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Of Rhythm Divine

Even if you are not a connoisseur of Indian classical dance, don’t miss the five-day Ananya Dance Festival that will be held in Delhi this October. Now in its tenth edition, Ananya is one of Delhi’s most awaited cultural events that has wowed the audience year after year with its innovatively packaged presentation – an aesthetically lit up Purana Qila is used as the backdrop – and a careful selection of budding as well as senior performing artistes.

Says Sanjeev Bhargava, festival director: “Festivals held in open public spaces, where entry is open to all, truly democratize culture. Ananya is one such attempt to showcase Indian classical dances in their purest form so that they reach out to more and more people of all ages and strata of society. In this age of television boom and growing TRP’s of reality television, our heritage and culture needs to be preserved amongst the future generations. This festival’s growing popularity amongst all sections of Delhi’s audience is true testimony that our classical arts have what it takes to weather all storms.”

Bhargava is not exaggerating. In the past editions, one has seen the audience spilling over into the aisles at the venue and even into the far off lawns at Purana Qila, and this season is perhaps going to be no different.

The festival is slated to kickstart with an Odissi rendition by Aruna Mohanty – a disciple of Guru Gangadhar Pradhan – who excels in the abhinaya aspect of Odissi. Seeking diversity within the framework of a deeply religious and traditional presentation, she will present Gatha Odissi that spins the story of transformation and resurgence of Odissi dance spanning from the Jagannath Temple of Puri right up to the contemporary stage. Says Mohanty: “Around the middle of the 19th century, a new resolve paved the way for the resurrection of the flagging traditions of this dance form. In our presentation, the danseuse damsels break out of their stony incarnations from temple-walls and metamorphose into life as a sign of revival.”

Moving forth from the soft, lyrical movements of Odissi, the stage on the second day of the fest will be set for the quicksilver movements of Kuchipudi. Vyjayanthi Kashi, one of the top ranking exponents of this dance form, has put together a choreography that is highly theatrical and experimental.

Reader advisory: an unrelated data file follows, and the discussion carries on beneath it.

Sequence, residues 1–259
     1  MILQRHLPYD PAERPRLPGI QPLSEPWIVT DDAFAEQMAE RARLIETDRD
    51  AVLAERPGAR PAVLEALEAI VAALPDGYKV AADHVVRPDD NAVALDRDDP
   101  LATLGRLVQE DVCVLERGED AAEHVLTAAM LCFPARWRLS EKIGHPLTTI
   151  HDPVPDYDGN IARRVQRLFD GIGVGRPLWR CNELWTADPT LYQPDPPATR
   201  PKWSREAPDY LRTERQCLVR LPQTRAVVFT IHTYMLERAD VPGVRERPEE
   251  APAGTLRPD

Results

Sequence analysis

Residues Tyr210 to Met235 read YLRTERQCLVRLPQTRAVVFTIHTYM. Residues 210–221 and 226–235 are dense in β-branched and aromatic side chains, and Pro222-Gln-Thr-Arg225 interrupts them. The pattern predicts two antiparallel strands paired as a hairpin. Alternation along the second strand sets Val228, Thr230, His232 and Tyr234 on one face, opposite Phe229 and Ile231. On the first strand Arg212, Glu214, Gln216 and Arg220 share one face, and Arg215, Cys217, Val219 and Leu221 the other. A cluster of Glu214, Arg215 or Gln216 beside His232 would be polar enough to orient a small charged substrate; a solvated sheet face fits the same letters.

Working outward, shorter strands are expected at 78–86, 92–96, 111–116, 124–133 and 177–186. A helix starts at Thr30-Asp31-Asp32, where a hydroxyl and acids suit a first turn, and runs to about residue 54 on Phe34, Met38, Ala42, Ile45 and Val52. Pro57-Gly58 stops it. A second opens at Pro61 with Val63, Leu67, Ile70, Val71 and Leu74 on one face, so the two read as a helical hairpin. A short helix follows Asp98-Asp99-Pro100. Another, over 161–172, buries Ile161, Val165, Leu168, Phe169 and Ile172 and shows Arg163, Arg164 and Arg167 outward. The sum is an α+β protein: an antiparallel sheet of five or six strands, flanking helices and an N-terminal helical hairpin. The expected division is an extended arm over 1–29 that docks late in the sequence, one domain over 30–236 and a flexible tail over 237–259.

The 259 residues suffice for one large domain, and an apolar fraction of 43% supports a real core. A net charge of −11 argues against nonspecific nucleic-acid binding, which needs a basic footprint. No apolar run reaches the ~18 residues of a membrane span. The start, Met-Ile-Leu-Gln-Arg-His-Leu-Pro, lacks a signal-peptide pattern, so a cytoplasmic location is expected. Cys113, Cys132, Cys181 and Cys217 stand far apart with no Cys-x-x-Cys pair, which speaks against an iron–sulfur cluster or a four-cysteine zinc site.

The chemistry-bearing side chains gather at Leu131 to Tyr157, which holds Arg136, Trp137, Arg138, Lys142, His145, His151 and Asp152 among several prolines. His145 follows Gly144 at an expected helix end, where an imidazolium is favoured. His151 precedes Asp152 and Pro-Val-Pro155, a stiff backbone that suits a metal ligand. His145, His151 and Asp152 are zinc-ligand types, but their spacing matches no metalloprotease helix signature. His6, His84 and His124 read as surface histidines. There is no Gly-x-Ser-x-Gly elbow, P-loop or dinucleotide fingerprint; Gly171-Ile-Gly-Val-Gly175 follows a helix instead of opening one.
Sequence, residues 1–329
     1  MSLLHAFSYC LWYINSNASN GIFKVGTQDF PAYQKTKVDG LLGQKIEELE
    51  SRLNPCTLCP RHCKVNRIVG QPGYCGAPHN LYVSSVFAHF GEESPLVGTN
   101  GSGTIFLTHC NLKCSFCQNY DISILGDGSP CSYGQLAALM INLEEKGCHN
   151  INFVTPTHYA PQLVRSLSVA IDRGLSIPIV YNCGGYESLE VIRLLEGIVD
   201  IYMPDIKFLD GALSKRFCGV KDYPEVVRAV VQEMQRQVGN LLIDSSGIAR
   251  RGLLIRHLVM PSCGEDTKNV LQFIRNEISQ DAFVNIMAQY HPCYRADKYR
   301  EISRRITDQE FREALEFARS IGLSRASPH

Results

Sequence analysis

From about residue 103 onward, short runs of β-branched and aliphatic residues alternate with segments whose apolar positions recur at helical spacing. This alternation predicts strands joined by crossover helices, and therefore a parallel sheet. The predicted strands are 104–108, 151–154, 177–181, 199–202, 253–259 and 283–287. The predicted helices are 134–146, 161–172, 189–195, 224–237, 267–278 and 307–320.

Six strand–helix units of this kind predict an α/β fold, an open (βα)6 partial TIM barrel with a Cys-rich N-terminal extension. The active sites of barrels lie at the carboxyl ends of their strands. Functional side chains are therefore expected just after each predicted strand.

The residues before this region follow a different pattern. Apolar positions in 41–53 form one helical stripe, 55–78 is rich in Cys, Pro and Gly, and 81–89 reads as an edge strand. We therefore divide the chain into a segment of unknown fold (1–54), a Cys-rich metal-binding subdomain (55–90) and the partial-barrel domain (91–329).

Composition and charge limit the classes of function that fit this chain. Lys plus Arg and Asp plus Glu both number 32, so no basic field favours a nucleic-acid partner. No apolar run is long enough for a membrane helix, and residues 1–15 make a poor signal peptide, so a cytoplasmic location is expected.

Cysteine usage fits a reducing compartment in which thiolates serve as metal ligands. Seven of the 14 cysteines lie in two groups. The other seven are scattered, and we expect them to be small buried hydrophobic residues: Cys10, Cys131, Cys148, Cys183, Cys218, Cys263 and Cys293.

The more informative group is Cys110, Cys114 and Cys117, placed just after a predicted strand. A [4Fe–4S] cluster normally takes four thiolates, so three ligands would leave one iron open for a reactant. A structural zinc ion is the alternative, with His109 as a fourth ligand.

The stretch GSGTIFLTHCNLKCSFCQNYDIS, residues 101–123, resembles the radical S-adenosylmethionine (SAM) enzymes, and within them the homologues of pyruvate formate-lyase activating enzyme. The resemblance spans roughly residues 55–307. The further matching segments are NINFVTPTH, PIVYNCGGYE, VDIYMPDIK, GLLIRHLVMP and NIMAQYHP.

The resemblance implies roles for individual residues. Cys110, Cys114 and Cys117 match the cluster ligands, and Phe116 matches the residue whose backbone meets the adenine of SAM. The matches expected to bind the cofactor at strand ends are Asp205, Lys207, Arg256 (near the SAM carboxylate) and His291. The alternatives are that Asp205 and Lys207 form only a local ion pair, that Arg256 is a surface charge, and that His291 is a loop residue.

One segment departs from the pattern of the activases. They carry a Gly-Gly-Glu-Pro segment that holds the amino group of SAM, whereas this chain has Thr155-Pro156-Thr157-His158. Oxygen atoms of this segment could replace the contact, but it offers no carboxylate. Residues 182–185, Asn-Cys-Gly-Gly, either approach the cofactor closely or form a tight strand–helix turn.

Says Kashi: “At Ananya, we will be performing various themes embodied in Kuchipudi. The recital begins with salutations to the goddess of the village, a composition of Vedantham Parvateesam, the great grandfather of Kuchipudi. Then there is Dashavataram, Tarangam and Thillana which have been given new dimensions in choreography, composition and presentation.”

She explains that Dashavataram is being presented in multiple ragas outside of the more familiar Mohana raga while Narayana Teertha’s Pahi Pahi, a rarely used number in tarangam from Krishna Leela is being presented as group choreography. Lastly, Thillana which is generally a concluding item dedicated to the Sun God, ends with a beautiful mix of nritta and nritya elements as a tribute to how each day begins with the Sun. She says: “Even though this may be the last item of the repertoire, every performance in fact is the just the beginning of many more to come.  It is also a tribute to the fact that a performance never truly concludes but continues to live in the hearts of the rasikas and the artistes.”

If there is one dance form that can be constantly improvised, with each moment and movement having its own innate beauty, it is Kathak. Another accomplished choreographer, Vaswati Misra, also the founder of the Dhwani group, explores these varied nuances through an eclectic selection of shorter pieces as well as some excerpts from her group’s production like Jeevan and Kalpataru.

Day Four of the festival will showcase Priya Venkataraman, a young dancer known for her adherence to the classical style of Bharatanatyam and its traditional repertoire.

Venkataraman and her group will begin with a traditional Mallari followed by a sloka in praise of the lord of dance – Shiva. Nrityaharam – an especially composed site-specific piece has been choreographed to bring out the architectonic beauty of the dance form while playing with melody and rhythm. The grandeur of Shiva’s dance is explored with poet Muthuswamy Dikshitar’s kriti titled ‘Ananda Natana Prakasham’ and they will bring the evening to an end with a fast paced thillana.

What will be the grand finale and aptly so, is a recital titled Sannidhi that will combine seven classical dances of Kathak, Bharatanatyam, Odissi, Manipuri, Kuchipudi, Mohiniattam and Kathakali into one performance. Presented by Parwati Dutta, the production starts with chants highlighting the sacredness of water. Says Dutta: “Obeisance to the sacred waters is a quintessential element of Indian culture. In this production, the seven sacred rivers – Ganga, Yamuna, Saraswati, Godavari, Kaveri, Narmada, Sindhu symbolically represent the seven Indian classical dances. A tradition is often metaphorically correlated with a river that flows with time and nourishes mankind. Similarly, our dance heritage that had originated thousands of years ago has evolved over the centuries and is intrinsic to our cultural consciousness.”

Ananya Dance Festival will be held at Purana Qila, Delhi, from

October 1 till October 5, 2011, from 7 p.m. daily. Entry is free. Log in to www.sehernow.in for more details

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